[6.109]   { G-P 54 }   G

Craugis the huntsman, son of Neolaidas, an Arcadian of Orchomenus, gives to you, Pan the Scout, this scrap of his old fowling-net, his triple-twisted snare for the feet, his spring-traps made of sinews, his latticed cages, his nooses for the throat which one draws up, his sharp stakes hardened in the fire, the sticky moisture of the oak, *   the cane wet with it that catches birds, the triple cord which is pulled to close the hidden spring-net, and the net for catching by the neck the clamorous cranes.

*   Bird-lime made from mistletoe.

[6.198]   { G-P 100 }   G

Lycon, having shaved the down that flowered in its season under his temples, the manly ornament of his cheeks, dedicated it to Phoebus, a first gift, and therewith prayed that so he might also shave the grey hairs from his temples. Grant him an old age such as his youth, and as you have made him now thus, may he remain thus when the snow of hoary age falls on his head.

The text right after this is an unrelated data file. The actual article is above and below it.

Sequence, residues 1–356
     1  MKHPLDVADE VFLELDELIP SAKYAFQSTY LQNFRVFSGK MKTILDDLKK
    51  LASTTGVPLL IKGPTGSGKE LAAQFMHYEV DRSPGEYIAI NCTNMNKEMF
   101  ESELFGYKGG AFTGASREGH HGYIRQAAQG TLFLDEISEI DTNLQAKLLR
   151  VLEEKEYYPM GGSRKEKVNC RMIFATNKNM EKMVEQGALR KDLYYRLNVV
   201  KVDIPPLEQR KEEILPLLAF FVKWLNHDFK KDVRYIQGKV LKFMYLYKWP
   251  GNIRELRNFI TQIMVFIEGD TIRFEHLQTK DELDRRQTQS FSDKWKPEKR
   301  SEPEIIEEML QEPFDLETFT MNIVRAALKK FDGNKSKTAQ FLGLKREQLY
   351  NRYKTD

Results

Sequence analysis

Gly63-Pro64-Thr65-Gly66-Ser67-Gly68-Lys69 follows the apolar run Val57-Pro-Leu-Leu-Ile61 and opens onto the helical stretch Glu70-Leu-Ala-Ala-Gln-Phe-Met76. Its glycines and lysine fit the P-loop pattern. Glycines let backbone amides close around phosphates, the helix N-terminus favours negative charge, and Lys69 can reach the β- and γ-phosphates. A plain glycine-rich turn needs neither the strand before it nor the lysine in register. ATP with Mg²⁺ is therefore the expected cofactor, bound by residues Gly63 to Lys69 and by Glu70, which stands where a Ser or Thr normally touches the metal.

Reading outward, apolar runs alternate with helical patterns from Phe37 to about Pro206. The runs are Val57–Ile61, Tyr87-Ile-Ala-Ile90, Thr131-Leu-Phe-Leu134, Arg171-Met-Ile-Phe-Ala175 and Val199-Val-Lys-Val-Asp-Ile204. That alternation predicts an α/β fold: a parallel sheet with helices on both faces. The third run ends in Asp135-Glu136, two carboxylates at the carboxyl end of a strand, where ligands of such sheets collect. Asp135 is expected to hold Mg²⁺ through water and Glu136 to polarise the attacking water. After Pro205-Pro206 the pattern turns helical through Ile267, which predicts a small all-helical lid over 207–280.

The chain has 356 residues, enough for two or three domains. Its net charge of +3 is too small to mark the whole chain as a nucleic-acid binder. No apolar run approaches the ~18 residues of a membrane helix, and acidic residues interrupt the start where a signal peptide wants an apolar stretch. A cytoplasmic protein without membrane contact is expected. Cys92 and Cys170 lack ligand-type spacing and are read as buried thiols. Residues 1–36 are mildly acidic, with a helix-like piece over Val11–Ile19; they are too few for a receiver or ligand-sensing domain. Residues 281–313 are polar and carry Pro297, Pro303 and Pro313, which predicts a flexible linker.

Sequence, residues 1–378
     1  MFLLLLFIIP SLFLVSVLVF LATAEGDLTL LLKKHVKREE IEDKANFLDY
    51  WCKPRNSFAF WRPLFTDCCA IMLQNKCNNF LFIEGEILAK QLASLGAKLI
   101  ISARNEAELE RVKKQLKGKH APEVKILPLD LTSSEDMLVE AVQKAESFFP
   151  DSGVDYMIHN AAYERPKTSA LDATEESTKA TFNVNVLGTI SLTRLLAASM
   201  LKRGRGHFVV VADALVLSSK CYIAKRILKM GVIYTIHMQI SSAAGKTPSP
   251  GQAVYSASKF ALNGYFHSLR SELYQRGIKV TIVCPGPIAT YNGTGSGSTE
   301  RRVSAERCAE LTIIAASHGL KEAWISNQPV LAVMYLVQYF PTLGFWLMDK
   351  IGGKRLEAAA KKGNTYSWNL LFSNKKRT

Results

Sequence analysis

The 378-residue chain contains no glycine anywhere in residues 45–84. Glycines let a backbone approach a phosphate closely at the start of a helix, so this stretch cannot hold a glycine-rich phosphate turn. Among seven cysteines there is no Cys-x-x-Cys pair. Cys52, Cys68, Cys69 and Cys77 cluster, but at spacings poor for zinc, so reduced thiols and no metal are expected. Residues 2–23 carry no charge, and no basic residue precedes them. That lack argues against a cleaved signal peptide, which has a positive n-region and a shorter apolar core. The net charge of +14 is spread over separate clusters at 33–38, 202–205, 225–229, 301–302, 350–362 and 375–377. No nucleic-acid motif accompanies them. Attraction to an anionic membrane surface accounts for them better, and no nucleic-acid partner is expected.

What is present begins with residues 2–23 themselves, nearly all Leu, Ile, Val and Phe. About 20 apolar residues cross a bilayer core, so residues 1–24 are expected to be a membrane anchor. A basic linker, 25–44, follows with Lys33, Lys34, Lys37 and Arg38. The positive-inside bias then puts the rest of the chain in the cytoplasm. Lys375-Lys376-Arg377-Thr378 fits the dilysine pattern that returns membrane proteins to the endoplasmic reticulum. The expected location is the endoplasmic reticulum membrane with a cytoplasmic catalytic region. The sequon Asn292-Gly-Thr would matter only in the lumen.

[6.208]   { G-P 9 }   G

It would seem on a Picture.

She who brings the shoes is Menecratis, she with the cloak is Phemonoē, and Praxo she who holds the goblet. The temple and statue are Aphrodite's. The offering is their joint one and it is the work of Aristomachus of the Strymonian land. They were all free-born courtesans, but chancing on more temperate love are now each the wife of one.

[6.209]   { G-P 10 }   G

Bithynian Cythere dedicated me to you, Cypris, according to her vow, the marble image of your form. But do you, as is your wont, give her a great gift in return for this little one ; she asks no more than that her husband may be of one heart and soul with her.